We could estimate and speculate all day as to what could have contributed to Black Lightning’s rather, ahem, shocking demise, even considering its low ratings and rather pitiful international distribution model (the latter potentially also contributing to the series’ death), but the real question is, does the series at least go out on a high note? Unfortunately, no, not really. As much as some inner turmoil at The CW or with the cast no doubt contributed to Black Lightning’s relatively quick conclusion (by CW standards anyway), it’s also very apparent that the series simply had no good story ideas left for its heroes anymore. After the rather ambitious third season of Black Lightning pitted Jefferson Pierce and his family against all-powerful OG metahuman, Gravedigger, left all of Freeland temporarily occupied due to a war between the now-defunct ASA and the nation of Markovia, finally folded Black Lightning’s world into the larger Arrowverse following the Crisis on Infinite Earths crossover event, and even went on to form the basis for fan-favourite DC superhero team, the Outsiders, it was evident that the series had gone as far as it could go. Nothing could hope to top the scale of these Season 3 conflicts, and no enemy to the Black Lightning family could ever prove quite as dramatic or dangerous to face as Gravedigger, the ASA or Markovia in the case of The CW’s shared DC TV Universe.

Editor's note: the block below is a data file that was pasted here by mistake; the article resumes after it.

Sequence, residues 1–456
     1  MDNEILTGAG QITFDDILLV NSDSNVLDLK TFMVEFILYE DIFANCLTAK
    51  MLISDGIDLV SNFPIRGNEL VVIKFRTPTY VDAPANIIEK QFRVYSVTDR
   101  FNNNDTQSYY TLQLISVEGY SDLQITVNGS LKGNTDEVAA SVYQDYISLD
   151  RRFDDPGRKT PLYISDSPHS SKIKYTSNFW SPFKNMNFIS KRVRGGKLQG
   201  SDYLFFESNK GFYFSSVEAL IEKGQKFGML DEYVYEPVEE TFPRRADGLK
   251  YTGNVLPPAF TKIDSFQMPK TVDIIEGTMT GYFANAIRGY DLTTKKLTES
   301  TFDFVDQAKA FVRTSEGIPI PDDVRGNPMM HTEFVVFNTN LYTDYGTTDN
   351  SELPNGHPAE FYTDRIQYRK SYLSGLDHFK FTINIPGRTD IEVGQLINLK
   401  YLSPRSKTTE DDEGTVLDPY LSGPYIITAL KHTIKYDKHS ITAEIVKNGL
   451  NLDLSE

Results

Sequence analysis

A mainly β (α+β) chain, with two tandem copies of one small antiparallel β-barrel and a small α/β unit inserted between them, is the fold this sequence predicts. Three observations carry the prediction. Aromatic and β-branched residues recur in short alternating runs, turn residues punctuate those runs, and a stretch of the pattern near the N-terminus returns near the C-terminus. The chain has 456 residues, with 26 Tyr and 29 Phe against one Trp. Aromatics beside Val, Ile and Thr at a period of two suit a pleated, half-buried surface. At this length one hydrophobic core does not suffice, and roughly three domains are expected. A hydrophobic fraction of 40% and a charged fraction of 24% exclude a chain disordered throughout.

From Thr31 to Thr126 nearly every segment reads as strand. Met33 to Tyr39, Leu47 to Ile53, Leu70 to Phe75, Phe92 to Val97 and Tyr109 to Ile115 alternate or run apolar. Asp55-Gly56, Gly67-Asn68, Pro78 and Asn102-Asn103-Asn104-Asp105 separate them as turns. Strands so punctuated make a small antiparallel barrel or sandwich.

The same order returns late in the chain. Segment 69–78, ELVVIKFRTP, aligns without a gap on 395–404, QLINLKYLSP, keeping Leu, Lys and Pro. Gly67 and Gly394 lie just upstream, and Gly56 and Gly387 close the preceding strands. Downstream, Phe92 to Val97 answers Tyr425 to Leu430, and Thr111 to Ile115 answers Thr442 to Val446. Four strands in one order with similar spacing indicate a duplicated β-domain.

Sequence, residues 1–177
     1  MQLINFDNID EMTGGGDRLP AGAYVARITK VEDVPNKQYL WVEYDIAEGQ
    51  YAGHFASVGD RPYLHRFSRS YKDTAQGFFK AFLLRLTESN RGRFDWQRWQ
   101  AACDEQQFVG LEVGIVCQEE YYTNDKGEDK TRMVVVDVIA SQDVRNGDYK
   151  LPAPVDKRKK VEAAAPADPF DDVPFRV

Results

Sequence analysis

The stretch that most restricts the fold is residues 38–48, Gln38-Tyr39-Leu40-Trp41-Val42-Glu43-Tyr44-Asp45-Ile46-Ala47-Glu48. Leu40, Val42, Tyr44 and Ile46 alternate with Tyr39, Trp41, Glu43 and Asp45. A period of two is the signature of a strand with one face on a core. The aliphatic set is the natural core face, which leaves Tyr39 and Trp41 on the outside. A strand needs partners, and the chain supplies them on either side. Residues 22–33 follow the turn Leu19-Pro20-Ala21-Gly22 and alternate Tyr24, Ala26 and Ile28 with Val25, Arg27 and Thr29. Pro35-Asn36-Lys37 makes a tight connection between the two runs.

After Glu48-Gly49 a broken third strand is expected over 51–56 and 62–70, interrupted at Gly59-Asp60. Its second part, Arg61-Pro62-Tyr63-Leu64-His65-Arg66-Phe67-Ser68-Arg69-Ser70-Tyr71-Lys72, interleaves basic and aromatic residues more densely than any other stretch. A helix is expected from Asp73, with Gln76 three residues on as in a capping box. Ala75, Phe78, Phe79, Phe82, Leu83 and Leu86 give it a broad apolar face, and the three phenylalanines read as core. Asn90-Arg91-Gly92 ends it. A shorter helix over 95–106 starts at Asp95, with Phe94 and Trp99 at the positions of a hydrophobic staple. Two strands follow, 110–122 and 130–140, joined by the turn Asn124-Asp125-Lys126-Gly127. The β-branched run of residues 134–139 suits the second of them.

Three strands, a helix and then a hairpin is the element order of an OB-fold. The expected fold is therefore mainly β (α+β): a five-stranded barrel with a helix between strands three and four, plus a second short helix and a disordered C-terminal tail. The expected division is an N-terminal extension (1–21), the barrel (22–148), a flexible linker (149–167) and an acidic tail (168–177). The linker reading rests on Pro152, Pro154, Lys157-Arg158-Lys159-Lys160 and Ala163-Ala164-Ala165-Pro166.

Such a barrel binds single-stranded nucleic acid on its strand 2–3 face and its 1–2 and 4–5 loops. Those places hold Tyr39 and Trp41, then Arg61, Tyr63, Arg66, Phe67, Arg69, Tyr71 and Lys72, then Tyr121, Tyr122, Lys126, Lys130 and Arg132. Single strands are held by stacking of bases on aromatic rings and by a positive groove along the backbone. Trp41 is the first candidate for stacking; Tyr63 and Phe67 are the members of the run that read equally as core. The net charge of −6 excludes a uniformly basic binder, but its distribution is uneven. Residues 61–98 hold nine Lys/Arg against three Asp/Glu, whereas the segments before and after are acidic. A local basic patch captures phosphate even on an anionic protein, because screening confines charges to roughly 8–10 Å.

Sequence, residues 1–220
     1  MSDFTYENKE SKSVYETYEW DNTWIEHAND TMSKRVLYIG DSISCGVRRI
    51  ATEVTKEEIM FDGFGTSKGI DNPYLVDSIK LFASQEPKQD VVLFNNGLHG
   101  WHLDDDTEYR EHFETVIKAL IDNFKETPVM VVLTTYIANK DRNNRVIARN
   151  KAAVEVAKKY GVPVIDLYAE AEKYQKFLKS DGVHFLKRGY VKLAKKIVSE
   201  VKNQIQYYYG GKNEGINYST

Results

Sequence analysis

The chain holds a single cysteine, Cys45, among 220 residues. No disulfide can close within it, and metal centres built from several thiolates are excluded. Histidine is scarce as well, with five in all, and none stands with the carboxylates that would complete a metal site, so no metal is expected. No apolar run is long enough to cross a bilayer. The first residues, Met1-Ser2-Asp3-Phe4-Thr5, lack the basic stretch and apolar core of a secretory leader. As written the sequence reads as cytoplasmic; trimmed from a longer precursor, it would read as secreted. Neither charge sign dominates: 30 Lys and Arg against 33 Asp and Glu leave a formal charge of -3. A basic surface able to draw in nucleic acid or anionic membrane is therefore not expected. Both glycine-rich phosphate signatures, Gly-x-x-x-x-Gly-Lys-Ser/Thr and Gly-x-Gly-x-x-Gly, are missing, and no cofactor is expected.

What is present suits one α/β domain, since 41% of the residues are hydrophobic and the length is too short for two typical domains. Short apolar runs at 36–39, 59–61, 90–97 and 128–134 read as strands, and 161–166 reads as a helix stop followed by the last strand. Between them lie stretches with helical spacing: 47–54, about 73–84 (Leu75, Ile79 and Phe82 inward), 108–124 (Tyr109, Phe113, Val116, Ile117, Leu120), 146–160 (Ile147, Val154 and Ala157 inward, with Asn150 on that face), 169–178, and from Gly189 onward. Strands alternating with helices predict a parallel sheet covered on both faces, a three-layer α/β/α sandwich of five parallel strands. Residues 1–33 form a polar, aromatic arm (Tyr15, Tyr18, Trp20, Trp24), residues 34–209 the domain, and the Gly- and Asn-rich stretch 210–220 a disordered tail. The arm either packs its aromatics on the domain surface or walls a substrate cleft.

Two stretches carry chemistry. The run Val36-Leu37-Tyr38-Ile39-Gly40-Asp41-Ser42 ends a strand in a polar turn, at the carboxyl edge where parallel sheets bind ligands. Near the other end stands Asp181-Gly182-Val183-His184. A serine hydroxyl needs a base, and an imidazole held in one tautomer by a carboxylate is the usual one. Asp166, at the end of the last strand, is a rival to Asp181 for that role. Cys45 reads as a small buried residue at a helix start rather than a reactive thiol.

This left the Pierce family frequently meandering and directionless throughout Black Lightning’s final 13 episodes, wasting time on petty slights and hyper-emotional drudgery, while the admittedly still-appealing villains gobbled up all of the best narrative hooks. Restoring arch-villain, Tobias Whale to power certainly allowed him to spearhead a vicious, citywide campaign against both sides of the eponymous hero’s identity during Black Lightning’s final season, after Tobias came to learn just who was under his bitter nemesis’ goggles at the end of the previous season. Likewise, Lala once again found himself ascending to an exciting, morally complex station, as he struggled to rally the remains of The 100 in a violent gang war against Lady Eve’s criminal outfit, the Kobra Cartel, now being overseen by Lady Eve’s underboss, Destiny. The 100/Kobra gang war raging throughout Freeland got frustratingly little focus throughout Black Lightning’s final episodes, but it does at least have the benefit of ensuring that Freeland’s next generation of superheroes continue to have foes to battle against, contrary to Arrow’s rather shaky final solution of disbanding Team Arrow because Oliver Queen’s death somehow leads to Star City having no criminals whatsoever for decades.